Niagara Falls is a great day-trip from Toronto. About 80 miles away from the city, the legendary falls straddle the border between Canada and the US. Visitors can enjoy a breathtaking up-close view of the falls simply by strolling along the Canadian shore; they can also take tours down into the bedrock beneath to see the falls from behind; it is also possible to go to the foot of the falls by boat with a Hornblower Cruise (Maid of the Mist), weather permitting. For those whose interests extend beyond the natural beauty, Niagara Falls also has attractions such as casinos. One can get to Niagara Falls from Toronto in various ways. The cheapest are the following:
1) Take the “GO” Train from Toronto’s Union Station to Burlington, where one transfers to a GO Bus to Niagara Falls. The trip takes about 2 hours. A Day Pass for the Go Train/Bus costs CAD $37.50. In Niagara Falls one must take a taxi or city bus from the Niagara Falls Bus Terminal to the falls (or walk for ca. 50 minutes).
2) Various bus lines also go direct. Megabus leaves roughly once an hour from the Toronto Coach Terminal at 610 Bay St. to the Niagara Falls Bus Terminal. The trip takes about 2 hours (depending on time of day and traffic). It costs CAD $32.00 round trip. Greyhound has less frequent service, but offers web fares of ca. CAD $25.00. As with the GO train/bus, one must take a taxi or city bus from the Niagara Falls Bus Terminal to the falls (or walk for ca. 50 minutes).
In addition, there are numerous companies offering guided bus (scil. van) tours, which can include lunch and entry to various on-site attractions. Just search online under “Toronto Niagara Falls Tours” to find plenty of possibilities.
Theater, music, athletics
A good source for current events is the Now Magazine, available in print for free throughout Toronto and online at https://nowtoronto.com
Toronto has a great theatre scene, though many companies do not have any plays scheduled for early January. Below is a list of places that have performances around the time of the SCS/AIA meeting:
Factory Theatre: Founded in 1970, the Factory Theatre is committed to bringing new Canadian voices to the stage. It will be hosting the Next Stage Festival (http://fringetoronto.com/next-stage-festival/) from January 4-15, 2017
Address: 125 Bathurst Street (best reached by streetcar on King or Queen)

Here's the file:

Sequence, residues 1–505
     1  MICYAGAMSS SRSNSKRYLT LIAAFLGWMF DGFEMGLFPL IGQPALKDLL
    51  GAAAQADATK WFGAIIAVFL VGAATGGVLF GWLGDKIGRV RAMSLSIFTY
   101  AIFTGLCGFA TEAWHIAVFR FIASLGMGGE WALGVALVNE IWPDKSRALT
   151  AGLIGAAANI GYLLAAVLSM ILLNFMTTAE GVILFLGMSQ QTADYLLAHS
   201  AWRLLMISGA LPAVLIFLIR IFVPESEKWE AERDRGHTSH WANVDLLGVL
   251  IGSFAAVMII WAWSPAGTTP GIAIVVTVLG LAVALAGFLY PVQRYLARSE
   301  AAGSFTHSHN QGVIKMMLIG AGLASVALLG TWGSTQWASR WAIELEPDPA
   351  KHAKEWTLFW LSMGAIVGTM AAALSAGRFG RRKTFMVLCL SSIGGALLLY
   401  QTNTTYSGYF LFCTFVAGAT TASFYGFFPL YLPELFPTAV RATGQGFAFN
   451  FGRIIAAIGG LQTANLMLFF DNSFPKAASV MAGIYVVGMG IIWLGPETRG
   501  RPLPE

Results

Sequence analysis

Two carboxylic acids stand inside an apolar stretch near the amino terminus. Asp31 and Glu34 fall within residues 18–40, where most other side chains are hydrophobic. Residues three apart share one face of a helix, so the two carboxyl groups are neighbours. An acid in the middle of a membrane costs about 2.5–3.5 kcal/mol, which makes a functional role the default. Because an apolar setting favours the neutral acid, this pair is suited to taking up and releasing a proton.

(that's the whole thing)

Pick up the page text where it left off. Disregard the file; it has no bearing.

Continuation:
Tarragon Theatre: Canada’s home for groundbreaking contemporary plays. Showing “Infinity” by Hannah Moscovitch from 04-29 January, 2017.
Address: 30 Bridgman Avenue (close to Dupont Subway Station)
The Second City: Improvisational Theatre; will be showing “Superdude and Doctor Rude” in early January.
Address: 51 Mercer Street (close to St Andrew subway)
MUSICALS AND OTHER SHOWS
Ed Mirvish Theatre: Beautiful historical theatre venue, opened in 1920, currently playing “Matilda – The Musical” until 07 January, 2017.
Address: 244 Victoria Street (close to Yonge/Dundas)
Elgin and Winter Garden Theatres: stacked Edwardian theatres. The Elgin will be showing “Sleeping Beauty, the Deliriously Dreamy Family Musical” from November 25, 2016 – January 07, 2017.
Address: 189 Yonge Street (close to Queen subway station)
Princess of Wales Theatre: Modern 2000-seat theatre, will be showing Broadway’s “The Illusionists” from December 13, 2016 to January 07, 2017.
Address: 300 King Street West (close to St Andrew subway station)
Royal Alexandra Theatre: Historical, beaux-arts-style theater, opened in 1907, will be showing a new musical, “Come From Away”, before its Broadway run, from November 15, 2016 – January 8, 2017.
Address: 260 King Street West (close to St Andrew subway station)
Music Toronto: Presents traditional and contemporary chamber music concerts and recitals; there will be a piano concert (Sean Chen) on January 10, 2017.
Address: St Lawrence Centre for the Arts, 27 Front Street East
Toronto Symphony Orchestra (TSO): https://www.tso.ca. No concerts in early January, but starting on January 11, 2017 there will be a Mozart Festival (“Magnificent Mozart) with six performances at Koerner Hall (273 Bloor Street West).
Neither the Canadian Opera Company (http://www.coc.ca) nor Opera Atelier, Toronto’s Baroque opera company (http://operaatelier.com), has any performances in early January. The COC will show Mozart’s Magic Flute, starting January 19, 2017.
LIVE MUSIC VENUES
Cameron House: Bar with ceiling murals and live music every night
Address: 408 Queen Street West Website: http://www.thecameron.com
Dakota Tavern: Country Music Venue
Address: 249 Ossington Avenue Website: http://thedakotatavern.com
Drake Underground: Hosts live bands, DJ dance parties, film screenings, comedy shows, poetry slams.
Address: The Drake Hotel, 1150 Queen Street West
Horseshoe Tavern: Bar and Live Music Venue
Address: 370 Queen Street West (Queen/Spadina) Website: http://www.horseshoetavern.com
Lee’s Palace: Rock Concert Hall
Address: 529 Bloor Street West (close to Bathurst subway station)
The Rex: Jazz and Blues Bar
Address: 194 Queen Street West Website: http://www.therex.ca
Toronto Maple Leafs vs. Montréal Canadiens: January 07, 2017 at the Air Canada Centre (40 Bay Street); website: http://www.theaircanadacentre.com